“Good Dancin’ Music” and “Sho You Right”,the song the directed me back to this album are both hard hitting,bass synth driven electro funk extravaganza’s with some of the most intricate uses of instrumental harmony I’ve ever heard. “As Time Goes By” is transformed from it’s original ballad style to percussive cinematic funky soul number with a sauntering Caribbean vibe. “For Your Love (I’ll Do Anything)” is a slow crawling,slap bass driven groove while songs such as “There’s A Place Where Love Never Ends”,”Love In Your Eyes”,”I’m Ready For Love”,”Share”,”Who’s The Fool” and the nostalgic title song all fall into his classic ballad style.

This album did an amazing job of showcasing how the more electronic instrumentation of the time was still perfectly able to support the man’s arrangements-especially as well integrated it all was. The music ideas and classic romantic monologues are all used to full affect on here as well. During the years I was growing up? Even if they were coming out fairly close together? Each and every new Barry White album was treated as a major comeback-almost as if he’d somehow disappeared off the map between those releases. In any case? This is one of those albums that I truly wished had been a part of my musical life a lot longer than it has been.

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Anatomy of THE Groove: “Joy Ride” by TLC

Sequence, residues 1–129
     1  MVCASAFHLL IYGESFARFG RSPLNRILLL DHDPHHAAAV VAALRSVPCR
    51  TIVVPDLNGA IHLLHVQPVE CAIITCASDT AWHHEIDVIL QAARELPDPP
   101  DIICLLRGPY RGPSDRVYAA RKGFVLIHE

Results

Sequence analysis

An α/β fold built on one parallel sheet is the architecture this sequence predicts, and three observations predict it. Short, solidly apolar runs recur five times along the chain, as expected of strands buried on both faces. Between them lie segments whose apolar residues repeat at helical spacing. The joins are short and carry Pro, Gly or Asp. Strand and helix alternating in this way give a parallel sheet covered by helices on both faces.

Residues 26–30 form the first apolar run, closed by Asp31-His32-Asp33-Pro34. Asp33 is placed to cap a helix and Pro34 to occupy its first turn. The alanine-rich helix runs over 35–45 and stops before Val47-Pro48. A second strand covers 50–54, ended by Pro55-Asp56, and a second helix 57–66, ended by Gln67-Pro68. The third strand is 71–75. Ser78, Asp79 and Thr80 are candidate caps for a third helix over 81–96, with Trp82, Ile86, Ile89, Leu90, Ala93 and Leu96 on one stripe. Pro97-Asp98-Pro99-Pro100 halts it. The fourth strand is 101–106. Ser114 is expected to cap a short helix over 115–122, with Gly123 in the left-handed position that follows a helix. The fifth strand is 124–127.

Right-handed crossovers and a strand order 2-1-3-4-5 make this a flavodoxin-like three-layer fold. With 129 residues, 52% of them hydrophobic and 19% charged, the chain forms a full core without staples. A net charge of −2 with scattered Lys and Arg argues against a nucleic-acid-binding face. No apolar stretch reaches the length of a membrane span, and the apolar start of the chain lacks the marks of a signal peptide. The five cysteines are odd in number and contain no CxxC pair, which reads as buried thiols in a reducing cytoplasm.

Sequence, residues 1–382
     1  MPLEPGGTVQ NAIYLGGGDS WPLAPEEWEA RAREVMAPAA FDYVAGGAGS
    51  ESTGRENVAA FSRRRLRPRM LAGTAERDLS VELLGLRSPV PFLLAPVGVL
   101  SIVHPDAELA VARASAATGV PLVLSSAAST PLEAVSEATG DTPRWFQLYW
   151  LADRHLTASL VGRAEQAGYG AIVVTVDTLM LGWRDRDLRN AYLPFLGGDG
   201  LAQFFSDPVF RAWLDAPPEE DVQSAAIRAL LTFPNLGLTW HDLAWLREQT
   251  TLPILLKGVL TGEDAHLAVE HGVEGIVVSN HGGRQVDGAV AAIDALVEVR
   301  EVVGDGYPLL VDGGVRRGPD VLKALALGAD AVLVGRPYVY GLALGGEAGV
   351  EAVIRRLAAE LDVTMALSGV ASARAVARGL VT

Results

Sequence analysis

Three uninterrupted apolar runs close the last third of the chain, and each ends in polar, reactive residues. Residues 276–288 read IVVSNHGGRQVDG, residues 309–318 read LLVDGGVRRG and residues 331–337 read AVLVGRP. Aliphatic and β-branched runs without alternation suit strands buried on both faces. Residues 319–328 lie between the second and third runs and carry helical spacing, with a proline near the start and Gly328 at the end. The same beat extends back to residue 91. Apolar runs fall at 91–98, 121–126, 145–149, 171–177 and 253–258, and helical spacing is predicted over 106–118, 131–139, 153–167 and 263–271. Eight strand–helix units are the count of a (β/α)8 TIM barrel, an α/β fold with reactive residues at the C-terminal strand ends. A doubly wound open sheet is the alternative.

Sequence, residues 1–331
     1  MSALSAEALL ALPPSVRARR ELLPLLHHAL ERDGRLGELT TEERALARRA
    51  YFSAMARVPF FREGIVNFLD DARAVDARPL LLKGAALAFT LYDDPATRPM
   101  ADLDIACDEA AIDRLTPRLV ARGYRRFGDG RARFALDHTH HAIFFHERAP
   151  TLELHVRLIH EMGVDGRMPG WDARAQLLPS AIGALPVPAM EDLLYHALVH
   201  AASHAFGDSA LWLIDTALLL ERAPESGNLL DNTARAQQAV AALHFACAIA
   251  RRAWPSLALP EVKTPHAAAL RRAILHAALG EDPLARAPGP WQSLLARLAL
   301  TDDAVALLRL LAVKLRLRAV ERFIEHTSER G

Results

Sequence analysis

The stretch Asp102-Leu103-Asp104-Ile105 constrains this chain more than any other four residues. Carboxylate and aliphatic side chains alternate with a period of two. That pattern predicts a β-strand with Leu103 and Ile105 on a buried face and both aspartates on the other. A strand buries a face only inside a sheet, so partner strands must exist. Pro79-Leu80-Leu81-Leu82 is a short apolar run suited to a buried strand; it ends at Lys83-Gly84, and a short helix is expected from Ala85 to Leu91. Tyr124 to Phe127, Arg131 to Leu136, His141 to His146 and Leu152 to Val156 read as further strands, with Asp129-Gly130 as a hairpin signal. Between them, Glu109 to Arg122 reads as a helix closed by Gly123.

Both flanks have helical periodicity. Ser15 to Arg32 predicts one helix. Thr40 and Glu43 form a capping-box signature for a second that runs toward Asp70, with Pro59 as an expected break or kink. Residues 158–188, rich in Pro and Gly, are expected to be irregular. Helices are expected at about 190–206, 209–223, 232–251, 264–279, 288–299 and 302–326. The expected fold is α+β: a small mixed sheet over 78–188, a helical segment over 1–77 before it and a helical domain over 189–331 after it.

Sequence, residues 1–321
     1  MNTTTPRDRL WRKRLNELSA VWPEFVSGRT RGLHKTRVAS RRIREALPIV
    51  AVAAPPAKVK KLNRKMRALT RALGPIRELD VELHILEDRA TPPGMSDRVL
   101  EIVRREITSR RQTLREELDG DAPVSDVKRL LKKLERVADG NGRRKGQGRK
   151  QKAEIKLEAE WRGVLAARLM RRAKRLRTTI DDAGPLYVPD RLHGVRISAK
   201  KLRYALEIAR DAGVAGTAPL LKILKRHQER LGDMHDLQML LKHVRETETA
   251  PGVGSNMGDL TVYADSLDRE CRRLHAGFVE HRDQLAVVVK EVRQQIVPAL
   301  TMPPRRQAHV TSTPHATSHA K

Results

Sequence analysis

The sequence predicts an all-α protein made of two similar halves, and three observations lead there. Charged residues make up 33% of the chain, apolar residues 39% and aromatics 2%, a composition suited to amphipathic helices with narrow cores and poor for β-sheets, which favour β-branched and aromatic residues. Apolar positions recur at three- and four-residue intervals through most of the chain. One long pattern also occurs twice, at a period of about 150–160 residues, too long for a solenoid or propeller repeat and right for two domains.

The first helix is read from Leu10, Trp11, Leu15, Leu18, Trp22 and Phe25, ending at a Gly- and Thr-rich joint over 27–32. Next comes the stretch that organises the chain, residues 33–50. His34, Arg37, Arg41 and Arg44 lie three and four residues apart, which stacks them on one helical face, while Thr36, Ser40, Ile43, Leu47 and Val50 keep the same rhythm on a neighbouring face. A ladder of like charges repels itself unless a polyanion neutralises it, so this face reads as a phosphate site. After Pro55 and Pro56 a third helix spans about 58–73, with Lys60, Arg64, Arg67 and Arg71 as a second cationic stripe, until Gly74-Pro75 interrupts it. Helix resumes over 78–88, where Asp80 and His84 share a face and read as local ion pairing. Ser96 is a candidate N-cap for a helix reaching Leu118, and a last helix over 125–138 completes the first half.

TLC are a group that I never thought would come back. After all in terms of membership,its all come down to Chilli and T-Boz. Lisa “Left Eye” Lopes was in many ways the heart and soul of the 90’s trio. Since the time of Left Eye’s passing, the remaining two members have made some appearances,collaborations and been the subject of a biopic here and there. But even with all the trials,tribulations and financial ruin of their heyday,it didn’t seem that the passing of a key member would ever find them re-emerging in a huge way in terms of new studio material.

All of a sudden in early 2015,T-Boz and Chilli announced they were going to be releasing and fifth and final studio album using a Kickstarter campaign. Other artists such as Katy Perry and Justin Timberlake made major donations to their crowdfunding effort. The new self titled album was released June 30th of 2017. A couple of years earlier, the duo format of TLC went on tour with the New Kids On The Block and Nelly. And they released two new singles from their forthcoming album in Japan the next year. One of them is what I’ll be talking to you about today. Its called “Joy Ride”.

A three beat,echoed drum with a four note descending/ascending bass line provides the intro. A horn blasts gets into the funky shuffling drums,the bouncing pop of a rhythm guitar and the continuing bass line from the intro. Along with a three note,descending hip-hop style piano. As the song progresses,with little melodic changes from refrain to choruses,the rhythm alternately shows down as silences,horns and hand claps all join the instrumentation in different parts of the song. An extended chorus of the song concludes it all with the duo’s harmonies echoing the song to its fade out.

“Joy Ride” is a superb arrangement for TLC. Its based in their classic mix of live instrumental funky soul with a hip-hop friendly twist. The melody and harmonies of the group are just as locked down too. Written by┬áRebekah Muhammad, the song certainly understands the history of whose doing it. As I said to Henrique, its not something that shows TLC’s sound as changing all that much. But in as much as the original trio kept the funk and soul alive in their hip-hop based music in the 90’s, its just a really comforting thing to be back on the TLC tip. Even if it is just for one last time.